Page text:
HOUSTON — After the Atlanta Braves won Game 1 of the World Series on Tuesday night, Dusty Baker did not betray concern; he dismissed it. He insisted that the balls simply hadn’t bounced his Houston Astros’ way. He insisted they would do so in Game 2.

Of course, all managers say things like that after losses. They blame the breaks because they can’t blame players who are expending so much effort. They blame luck because this game rarely offers easy explanations. But Baker, who played his first postseason game 45 years ago and has seen this all a time or two, happened to be right.

The Astros didn’t exactly bludgeon the Braves into submission in their 7-2 win Wednesday night in Game 2, at least not early on. Instead, they battered them with an endless barrage of bouncing balls and took advantage of defensive mistakes the Braves don’t usually make to tie the series, which heads back to Atlanta for Game 3 on Friday night.

The powerful Astros broke out in the second inning with an outburst resulting almost entirely from perfectly placed groundballs — the kind of groundballs that bounce the Astros’ way more often than not, the kind good-hitting teams seem to hit more often than others.

“The difference between this group and some other groups I’ve had is the fact that they are always looking for something good to happen,” said Baker, explaining that in other places he had been — such as, for example, Washington — a history of playoff failure left teams expecting the worst.

Kyle Tucker hit a clean single up the middle with one out to start the process. Then Yuli Gurriel poked a ball through the shifted Atlanta infield, taking advantage of a wide-open right side the Braves left that way by choice, leaving Braves starter Max Fried clenching his fist in silent frustration and moving Tucker to third.

“It’s baseball. Sometimes the ball gets hit and goes right to a guy. Sometimes it doesn’t. Sometimes it finds a hole,” Fried said. “He did a really good job of seeing where we were positioned and staying inside it and just being able to beat it. Sometimes you just have to tip your cap.”

A batter later, Jose Siri hit a chopper to third base, too slow for the Braves to get him at first, just slow enough for Tucker to score. Altuve told Siri that hit — a broken-bat single, followed by a charge from first to third when Martín Maldonado hit a bouncing ball to the left side of the infield, was one of the biggest plays of the game. Maldonado’s ball was just out of the reach of Dansby Swanson and Austin Riley, both of whom ended up a few yards away from third base as the ball bounced into left.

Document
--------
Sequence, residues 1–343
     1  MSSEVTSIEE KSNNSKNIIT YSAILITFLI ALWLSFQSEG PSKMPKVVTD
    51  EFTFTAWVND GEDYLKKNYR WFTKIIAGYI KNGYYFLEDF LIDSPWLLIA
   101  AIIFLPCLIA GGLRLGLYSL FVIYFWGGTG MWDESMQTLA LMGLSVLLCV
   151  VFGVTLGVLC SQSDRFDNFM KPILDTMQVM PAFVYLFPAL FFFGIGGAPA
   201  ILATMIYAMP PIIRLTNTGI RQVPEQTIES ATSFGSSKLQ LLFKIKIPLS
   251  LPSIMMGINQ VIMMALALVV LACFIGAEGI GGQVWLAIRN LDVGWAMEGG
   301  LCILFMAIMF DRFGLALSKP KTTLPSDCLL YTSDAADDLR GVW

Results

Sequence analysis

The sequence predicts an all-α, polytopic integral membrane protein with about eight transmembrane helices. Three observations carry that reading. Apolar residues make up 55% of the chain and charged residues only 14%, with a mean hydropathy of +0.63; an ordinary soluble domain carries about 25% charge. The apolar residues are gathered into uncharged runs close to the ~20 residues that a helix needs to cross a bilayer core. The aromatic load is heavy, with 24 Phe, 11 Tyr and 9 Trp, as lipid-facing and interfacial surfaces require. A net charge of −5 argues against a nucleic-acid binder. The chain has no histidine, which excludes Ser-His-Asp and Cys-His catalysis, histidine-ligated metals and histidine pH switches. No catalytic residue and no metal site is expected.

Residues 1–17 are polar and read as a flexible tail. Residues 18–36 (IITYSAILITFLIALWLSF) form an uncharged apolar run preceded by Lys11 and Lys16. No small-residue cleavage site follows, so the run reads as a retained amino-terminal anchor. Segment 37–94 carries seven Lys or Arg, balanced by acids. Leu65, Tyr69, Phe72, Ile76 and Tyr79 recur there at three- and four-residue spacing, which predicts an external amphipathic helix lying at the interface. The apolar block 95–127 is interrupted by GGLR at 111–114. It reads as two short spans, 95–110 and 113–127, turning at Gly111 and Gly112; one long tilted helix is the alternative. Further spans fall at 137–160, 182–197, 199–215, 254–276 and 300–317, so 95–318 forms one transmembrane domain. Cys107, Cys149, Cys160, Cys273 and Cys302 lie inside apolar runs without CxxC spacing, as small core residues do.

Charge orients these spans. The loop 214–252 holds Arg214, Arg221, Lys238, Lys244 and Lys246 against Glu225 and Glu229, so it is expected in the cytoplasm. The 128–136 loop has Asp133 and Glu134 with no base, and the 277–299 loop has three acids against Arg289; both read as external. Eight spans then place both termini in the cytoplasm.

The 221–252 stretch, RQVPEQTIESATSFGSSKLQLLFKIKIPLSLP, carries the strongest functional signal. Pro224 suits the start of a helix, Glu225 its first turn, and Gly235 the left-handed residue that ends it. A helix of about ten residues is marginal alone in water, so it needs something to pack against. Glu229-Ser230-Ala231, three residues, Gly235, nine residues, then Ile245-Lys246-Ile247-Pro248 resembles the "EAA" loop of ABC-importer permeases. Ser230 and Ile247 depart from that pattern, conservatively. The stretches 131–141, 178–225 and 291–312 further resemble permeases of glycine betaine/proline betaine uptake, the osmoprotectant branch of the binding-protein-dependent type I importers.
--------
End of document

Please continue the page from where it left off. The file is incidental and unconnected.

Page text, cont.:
October star Eddie Rosario picked the ball up there and threw it to third, but no one was standing there. As the ball bounced away, Siri scored, screaming, “Vamos, vamos!” as he crossed the plate — a sign that as reliable as these Astros are when it comes to scoring runs, they are still as excited to be here. Another run scored just seconds later on Michael Brantley’s single, completing an inning that might have ended with one run or even none had a fielder or two been elsewhere or a ball bounced a foot either way but instead ended with a 5-1 Houston lead.

Teams cannot usually afford to yield extra outs or easy bases in Major League Baseball. They can almost never afford to yield them in the postseason. But in the World Series, against a lineup so deep that the winner of the American League batting title is hitting seventh, extra outs and easy bases can amount to fatal blows.

“It happened fast,” Baker said. “It was like a feeding frenzy, and everybody wants to get in on it.”

Besides, cliched as the notion may be, Baker actually had reason to expect the bounces would start going his team’s way: The Astros generate more bounces than most teams, and they have all season.

Houston led the majors in contact percentage, making contact on 80 percent of its swings in 2021. All 29 other teams were bunched within three percentage points — the differences are generally not vast.